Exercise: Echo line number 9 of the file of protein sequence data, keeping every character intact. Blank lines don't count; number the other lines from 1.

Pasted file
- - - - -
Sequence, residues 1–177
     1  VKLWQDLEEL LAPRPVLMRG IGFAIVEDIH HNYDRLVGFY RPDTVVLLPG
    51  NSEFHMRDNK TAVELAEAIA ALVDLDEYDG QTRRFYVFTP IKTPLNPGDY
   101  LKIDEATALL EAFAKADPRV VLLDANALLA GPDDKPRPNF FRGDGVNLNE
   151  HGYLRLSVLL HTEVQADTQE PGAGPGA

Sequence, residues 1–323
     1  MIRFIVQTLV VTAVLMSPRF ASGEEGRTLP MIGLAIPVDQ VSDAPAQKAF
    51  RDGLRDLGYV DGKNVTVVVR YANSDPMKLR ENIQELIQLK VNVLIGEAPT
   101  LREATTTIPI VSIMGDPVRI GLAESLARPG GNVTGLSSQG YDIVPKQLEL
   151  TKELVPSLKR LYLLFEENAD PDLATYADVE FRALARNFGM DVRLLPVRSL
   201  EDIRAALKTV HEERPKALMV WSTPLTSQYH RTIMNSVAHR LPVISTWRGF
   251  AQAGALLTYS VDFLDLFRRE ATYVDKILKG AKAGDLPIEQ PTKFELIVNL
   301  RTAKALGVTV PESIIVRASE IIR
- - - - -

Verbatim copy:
   101  LREATTTIPI VSIMGDPVRI GLAESLARPG GNVTGLSSQG YDIVPKQLEL